DR. BIRX: So I think because you're making national numbers with epidemics that are smaller, each of these epidemics will have a different testing need. And that's what we're calculating now. The numbers originally said that we only needed 700 excuse me, 750 thousand tests a week. We've long since passed that the new number coming from Harvard is the half a million a day. What we're trying to do is look at this in a very data driven, granular scientific methodologies to protect community by community the testing that is needed. At the same time, working with every laboratory director across the country that have these multiple platforms to really understand and find solutions for them on their issues related to supplies.

MARGARET BRENNAN: Two weeks ago, you said Americans still shouldn't go to the pharmacy or grocery store. You said just the other day we shouldn't have dinner parties still. What is the moment that we are in what is safe?

DR. BIRX: So, again, this has to be looked at as a community by community. And I am trying to really drive Americans to a website that I think is really quite extraordinary. If you go to the Florida public health website on COVID, they've been able to show their communities cases and tests district by district, county by county, zip code by zip code- zip code. That's the kind of knowledge and power we need to put into the hands of American people so that they can see where the virus is, where the cases are and make decisions. One thing I've been so impressed with, if you give Americans knowledge, they will translate that into protective actions that protect themselves and their community. And so we have to really get them information in a much more granular way than a national way or even a state way. It needs to be down to the communities so the communities can see what happens in their communities and make decisions with the local and health officials and the state officials, what can be opened and what needs to remain closed.

MARGARET BRENNAN: Doctor, scientifically speaking, could this outbreak just be the result of a lab accident?

DR. BIRX: You know, anytime we have a new virus, it's important to figure out its origins. And I think we're still a long way from figuring it out. It took us decades to figure out HIV and Ebola. It's going to take us a while to really map and trace this- this particular virus, map it through its experience in humans and get the scientific evidence of where this virus originated. We know it originated in China. We just don't know specifically how and where.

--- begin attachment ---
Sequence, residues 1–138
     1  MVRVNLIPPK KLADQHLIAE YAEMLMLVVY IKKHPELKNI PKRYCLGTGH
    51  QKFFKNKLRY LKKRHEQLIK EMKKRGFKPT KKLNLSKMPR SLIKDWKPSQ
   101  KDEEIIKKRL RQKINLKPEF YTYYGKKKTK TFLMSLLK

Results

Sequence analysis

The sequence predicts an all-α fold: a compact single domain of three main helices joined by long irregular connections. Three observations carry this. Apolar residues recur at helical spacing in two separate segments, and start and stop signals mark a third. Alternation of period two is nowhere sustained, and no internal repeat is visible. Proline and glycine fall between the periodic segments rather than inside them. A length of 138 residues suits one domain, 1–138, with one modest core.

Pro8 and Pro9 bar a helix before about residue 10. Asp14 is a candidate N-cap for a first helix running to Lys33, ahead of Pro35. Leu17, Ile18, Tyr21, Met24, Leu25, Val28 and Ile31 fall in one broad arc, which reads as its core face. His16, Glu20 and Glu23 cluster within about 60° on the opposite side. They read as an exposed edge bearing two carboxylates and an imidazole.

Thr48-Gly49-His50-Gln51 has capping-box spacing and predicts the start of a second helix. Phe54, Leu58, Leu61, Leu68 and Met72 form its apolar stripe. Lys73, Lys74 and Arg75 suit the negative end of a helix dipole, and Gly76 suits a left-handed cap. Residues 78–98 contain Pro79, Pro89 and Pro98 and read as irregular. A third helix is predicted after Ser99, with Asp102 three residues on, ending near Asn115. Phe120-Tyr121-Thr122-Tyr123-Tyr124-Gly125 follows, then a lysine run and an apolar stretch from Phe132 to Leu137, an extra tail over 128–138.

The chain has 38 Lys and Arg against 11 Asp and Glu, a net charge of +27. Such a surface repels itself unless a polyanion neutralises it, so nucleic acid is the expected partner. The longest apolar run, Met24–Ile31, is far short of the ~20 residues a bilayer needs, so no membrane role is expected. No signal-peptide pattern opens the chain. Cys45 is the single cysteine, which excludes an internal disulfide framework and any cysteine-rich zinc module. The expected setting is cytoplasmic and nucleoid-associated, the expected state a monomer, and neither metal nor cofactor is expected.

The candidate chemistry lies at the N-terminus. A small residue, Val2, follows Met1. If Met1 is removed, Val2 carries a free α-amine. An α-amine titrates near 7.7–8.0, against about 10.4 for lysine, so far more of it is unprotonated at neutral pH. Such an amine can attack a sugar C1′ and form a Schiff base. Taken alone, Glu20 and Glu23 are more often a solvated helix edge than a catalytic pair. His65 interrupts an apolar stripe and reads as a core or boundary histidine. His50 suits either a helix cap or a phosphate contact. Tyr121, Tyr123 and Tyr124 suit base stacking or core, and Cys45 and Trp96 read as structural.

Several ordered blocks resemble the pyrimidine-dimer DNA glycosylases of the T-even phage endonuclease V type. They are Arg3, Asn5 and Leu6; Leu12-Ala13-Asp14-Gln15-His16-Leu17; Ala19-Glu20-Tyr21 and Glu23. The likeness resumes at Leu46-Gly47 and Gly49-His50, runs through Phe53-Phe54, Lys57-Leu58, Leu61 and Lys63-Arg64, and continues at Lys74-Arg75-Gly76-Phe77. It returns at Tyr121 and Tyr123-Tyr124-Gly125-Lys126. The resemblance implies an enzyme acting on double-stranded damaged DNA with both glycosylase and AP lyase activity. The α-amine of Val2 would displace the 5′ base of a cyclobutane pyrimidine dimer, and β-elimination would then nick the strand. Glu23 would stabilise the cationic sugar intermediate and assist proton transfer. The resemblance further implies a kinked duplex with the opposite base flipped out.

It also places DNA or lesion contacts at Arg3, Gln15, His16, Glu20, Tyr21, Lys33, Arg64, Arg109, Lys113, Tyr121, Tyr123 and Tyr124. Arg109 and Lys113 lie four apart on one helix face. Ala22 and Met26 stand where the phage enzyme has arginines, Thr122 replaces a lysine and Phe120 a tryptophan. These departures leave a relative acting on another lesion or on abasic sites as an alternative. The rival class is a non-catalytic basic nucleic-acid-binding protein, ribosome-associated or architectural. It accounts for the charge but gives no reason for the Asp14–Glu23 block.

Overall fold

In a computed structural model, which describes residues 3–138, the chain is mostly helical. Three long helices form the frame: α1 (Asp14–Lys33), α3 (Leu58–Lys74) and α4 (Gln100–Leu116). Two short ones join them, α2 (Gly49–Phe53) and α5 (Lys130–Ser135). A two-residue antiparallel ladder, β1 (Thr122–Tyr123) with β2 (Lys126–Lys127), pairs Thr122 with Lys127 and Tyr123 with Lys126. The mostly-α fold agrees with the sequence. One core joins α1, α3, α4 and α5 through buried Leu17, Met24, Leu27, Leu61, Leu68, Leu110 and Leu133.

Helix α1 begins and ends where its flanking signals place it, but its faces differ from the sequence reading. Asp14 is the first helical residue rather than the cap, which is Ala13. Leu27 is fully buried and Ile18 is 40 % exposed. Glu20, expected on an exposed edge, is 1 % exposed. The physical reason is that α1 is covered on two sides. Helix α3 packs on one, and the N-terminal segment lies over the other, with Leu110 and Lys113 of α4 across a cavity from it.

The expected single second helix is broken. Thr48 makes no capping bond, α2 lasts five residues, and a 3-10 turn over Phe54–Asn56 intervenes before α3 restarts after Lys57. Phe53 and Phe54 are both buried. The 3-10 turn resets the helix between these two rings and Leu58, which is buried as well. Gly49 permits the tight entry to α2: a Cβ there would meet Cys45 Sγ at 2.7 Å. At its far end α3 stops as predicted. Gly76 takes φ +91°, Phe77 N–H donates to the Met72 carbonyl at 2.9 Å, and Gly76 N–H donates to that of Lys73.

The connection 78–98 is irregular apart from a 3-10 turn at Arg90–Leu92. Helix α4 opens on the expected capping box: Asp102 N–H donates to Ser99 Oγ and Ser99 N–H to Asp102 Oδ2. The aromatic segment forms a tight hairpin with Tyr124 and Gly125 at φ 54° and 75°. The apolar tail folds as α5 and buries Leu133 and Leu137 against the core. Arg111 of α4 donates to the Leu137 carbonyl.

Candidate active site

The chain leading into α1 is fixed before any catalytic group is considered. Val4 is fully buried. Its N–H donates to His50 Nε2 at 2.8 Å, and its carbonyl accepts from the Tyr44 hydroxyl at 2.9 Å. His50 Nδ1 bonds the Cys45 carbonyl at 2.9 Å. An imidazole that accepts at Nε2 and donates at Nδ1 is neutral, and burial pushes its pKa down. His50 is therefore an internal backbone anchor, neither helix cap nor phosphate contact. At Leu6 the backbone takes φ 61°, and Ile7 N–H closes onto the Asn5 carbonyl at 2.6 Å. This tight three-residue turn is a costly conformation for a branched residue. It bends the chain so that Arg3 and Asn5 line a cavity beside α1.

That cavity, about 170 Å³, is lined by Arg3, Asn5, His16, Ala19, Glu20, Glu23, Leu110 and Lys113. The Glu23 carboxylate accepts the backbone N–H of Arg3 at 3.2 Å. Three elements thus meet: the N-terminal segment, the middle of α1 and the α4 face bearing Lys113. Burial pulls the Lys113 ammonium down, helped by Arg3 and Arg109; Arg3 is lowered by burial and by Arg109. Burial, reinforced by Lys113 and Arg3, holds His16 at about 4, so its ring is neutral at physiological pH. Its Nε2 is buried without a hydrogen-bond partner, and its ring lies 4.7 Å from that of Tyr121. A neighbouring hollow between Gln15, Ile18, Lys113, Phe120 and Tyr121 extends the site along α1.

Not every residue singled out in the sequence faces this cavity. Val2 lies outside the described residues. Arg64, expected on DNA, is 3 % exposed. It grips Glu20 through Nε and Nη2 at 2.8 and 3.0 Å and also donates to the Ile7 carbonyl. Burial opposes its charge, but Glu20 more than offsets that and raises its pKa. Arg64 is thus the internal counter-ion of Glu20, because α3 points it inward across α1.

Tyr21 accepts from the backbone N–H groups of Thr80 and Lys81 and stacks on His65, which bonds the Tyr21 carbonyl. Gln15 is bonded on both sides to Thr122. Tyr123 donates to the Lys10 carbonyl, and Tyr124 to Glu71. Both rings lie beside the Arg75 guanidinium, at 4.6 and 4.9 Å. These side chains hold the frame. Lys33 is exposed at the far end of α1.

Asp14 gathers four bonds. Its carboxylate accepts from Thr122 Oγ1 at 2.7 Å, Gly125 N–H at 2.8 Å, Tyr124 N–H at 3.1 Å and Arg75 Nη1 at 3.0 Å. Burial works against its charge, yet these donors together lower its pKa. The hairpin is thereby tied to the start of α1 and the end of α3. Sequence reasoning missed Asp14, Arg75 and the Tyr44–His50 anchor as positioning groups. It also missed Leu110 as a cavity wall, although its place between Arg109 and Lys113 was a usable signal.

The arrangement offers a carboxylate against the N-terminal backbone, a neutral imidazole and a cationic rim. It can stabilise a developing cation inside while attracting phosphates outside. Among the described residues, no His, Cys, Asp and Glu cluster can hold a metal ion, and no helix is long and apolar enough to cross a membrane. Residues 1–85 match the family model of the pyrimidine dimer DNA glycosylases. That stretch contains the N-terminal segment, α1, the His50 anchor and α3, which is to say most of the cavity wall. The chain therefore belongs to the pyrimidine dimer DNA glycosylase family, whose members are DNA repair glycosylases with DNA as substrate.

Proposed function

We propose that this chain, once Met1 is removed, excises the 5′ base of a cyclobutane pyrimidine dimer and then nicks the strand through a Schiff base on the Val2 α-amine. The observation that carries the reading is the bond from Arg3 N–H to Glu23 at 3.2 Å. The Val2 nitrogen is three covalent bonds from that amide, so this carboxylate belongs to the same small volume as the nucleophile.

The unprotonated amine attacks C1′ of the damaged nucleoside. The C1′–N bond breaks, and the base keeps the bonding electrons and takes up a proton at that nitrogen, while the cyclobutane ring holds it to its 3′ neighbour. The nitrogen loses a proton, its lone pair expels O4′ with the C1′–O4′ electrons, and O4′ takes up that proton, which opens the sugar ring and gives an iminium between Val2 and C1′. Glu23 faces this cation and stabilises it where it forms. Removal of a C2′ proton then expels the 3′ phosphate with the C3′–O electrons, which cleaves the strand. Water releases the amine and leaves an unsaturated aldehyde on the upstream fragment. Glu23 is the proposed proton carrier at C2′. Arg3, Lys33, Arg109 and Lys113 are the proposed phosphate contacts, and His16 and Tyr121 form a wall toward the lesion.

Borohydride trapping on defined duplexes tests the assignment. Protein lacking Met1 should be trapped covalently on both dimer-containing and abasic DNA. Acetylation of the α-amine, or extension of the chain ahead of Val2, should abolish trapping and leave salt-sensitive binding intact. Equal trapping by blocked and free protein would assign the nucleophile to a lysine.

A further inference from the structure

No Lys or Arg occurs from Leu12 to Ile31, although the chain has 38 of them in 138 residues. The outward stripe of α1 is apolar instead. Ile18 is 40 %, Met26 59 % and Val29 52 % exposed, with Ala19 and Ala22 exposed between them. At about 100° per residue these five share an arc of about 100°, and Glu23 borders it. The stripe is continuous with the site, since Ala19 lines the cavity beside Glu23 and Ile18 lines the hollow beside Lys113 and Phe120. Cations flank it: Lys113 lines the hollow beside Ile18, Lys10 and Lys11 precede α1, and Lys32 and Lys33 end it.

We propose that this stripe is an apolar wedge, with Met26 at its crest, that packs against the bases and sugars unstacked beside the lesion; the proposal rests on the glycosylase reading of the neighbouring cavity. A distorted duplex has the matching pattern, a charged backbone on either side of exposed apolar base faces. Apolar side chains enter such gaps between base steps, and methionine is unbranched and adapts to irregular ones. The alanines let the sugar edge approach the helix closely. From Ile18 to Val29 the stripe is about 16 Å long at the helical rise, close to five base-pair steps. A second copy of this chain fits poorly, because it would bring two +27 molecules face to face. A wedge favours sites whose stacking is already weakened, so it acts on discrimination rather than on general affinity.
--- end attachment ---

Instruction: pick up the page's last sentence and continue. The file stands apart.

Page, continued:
MARGARET BRENNAN: So you're- it sounds like you're saying it could have been. 

DR. BIRX: I don't have an evidence that it was a laboratory accident. I also don't know precisely where it originated. So until we have the concrete evidence which we struggled with with other pandemics and other zoonotic events. These are zoonotic events. They come from animals into humans. And so figuring that out will be really critical as well as figuring out could it have happened in the lab. Right now, the general consensus is animal to human.

MARGARET BRENNAN: Does the fact that South Korea is starting to see a bit of a resurgence mean that that could happen here in the U.S., that if you get this virus, you are not immune?

DR. BIRX: You know, that's a different question. And we're- that's why these studies that are going on with plasma and giving plasma to sick patients to really see if that antibody confers protective immunity and help to the individual who is sick, as well as really doing studies with vaccines and looking, seeing whether the antibodies that are produced are effective. These are questions that we still have scientifically. I will tell you, in most infectious diseases, except for HIV, we know that when you get sick and you recover and you develop antibodies, that that antibody is often confers immunity. We just don't know if it's immunity for a month, immunity for six months, immunity for six years. 

MARGARET BRENNAN: Dr. Birx, thank you for your time. 

DR. BIRX: Thank you. 

MARGARET BRENNAN: We'll be right back with Massachusetts Governor Charlie Baker. Stay with us.